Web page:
Your IT Department’s Kodak Moment

Kodak No. 2 Folding Autographic Brownie Photo credit Tim Regan
Kodak No. 2 Folding Autographic Brownie
Photo credit Tim Regan

Your IT department’s Kodak moment is now, but it is not the kind of a moment where you get to take a cute picture and save it forever.

George Eastman founded Kodak in 1888. The company was dominant during most of 20th century in the market for photographic film. Even though they invented the first digital camera in 1975 they dismissed the idea of digital photography. As a dominant player in the industry they did not want to introduce anything that would threaten their near-monopoly on film products. While consumer electronics companies with no vested interest in film introduced amazing digital cameras, Kodak fell into a pattern of steep decline in the late 1990s and in 2007 had to file for bankruptcy.

Today’s enterprise IT market is monopolized by on-premise data centers. It is dominated by big vendors that have vested interested in maintaining the status quo. They would all love to tell you that they have some sort of a magic solution that brings the cloud to you. Complacent enterprise IT departments are more than willing to listen – after all, IT view themselves as gatekeepers to technology adoption in their companies.

The reality is that they will never keep up. The cloud brought the barriers to entry to near zero. While it used to be that it would take months or years and millions of dollars for a company to scale out their on-premise IT, now the same takes hours or days and zero upfront costs to scale out a data center. Companies that adopt cloud services will find themselves delivering applications, tools, and products to their customers much faster and at a lower cost. Companies that continue to look for excuses not to will find themselves outcompeted by peers that do not.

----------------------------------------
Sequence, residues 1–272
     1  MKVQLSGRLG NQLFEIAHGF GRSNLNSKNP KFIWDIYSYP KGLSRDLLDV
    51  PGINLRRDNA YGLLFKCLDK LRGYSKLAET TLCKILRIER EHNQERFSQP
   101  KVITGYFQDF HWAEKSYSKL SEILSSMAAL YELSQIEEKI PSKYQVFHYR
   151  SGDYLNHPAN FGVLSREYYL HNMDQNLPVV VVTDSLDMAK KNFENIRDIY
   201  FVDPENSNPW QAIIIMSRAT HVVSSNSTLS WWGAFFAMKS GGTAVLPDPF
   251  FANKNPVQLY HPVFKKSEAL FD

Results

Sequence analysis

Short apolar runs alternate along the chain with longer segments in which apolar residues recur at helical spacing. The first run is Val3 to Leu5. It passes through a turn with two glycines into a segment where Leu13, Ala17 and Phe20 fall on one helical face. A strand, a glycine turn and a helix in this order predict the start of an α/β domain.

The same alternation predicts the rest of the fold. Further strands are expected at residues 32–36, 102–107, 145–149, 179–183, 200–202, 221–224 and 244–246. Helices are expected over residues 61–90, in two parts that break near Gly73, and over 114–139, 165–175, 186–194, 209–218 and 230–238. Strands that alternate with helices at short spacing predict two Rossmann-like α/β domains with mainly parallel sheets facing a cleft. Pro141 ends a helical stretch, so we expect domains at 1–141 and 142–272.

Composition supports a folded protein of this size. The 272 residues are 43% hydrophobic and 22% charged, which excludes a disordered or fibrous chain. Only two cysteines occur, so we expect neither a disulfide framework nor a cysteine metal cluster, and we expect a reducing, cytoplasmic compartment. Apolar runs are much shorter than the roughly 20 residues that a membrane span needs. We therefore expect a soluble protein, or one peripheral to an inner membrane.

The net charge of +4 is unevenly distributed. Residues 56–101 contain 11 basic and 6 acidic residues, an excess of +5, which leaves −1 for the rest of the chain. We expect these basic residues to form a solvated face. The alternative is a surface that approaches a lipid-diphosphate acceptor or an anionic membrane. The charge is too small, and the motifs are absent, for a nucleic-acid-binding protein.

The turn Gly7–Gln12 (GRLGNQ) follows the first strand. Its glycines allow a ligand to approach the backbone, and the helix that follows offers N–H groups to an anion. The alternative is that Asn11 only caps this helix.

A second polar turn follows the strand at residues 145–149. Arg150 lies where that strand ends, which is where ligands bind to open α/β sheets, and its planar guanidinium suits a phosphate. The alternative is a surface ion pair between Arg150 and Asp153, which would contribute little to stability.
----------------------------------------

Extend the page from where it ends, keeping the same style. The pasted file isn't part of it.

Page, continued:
This is not limited to software technology companies, although they will feel the impact first. IT departments at companies to whom software is more of a tool than a product are at danger of rendering themselves obsolete by resisting cloud adoption. For a business unit to build and deploy an application IT is no longer required — all they need is a budget and an internet connection. IT departments, therefore, could make themselves more useful by facilitating API and data integration with cloud applications rather than standing in the way of progress.

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